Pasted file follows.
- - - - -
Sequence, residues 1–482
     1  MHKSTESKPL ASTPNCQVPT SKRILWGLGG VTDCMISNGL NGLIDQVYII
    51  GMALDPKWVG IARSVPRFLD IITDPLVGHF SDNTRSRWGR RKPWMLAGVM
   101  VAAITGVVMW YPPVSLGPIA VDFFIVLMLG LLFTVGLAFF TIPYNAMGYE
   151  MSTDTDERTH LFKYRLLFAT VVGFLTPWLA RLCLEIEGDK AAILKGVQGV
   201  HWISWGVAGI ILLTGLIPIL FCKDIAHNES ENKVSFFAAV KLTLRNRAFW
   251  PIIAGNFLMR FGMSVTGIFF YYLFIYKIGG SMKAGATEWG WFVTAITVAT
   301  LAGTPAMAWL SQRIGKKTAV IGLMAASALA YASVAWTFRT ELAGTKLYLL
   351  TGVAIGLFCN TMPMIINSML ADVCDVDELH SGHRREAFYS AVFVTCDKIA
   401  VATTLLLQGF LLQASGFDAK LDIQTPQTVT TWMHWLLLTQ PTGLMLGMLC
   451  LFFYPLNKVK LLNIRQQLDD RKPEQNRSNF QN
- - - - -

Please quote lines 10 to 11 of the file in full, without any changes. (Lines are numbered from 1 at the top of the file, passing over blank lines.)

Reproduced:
   401  VATTLLLQGF LLQASGFDAK LDIQTPQTVT TWMHWLLLTQ PTGLMLGMLC
   451  LFFYPLNKVK LLNIRQQLDD RKPEQNRSNF QN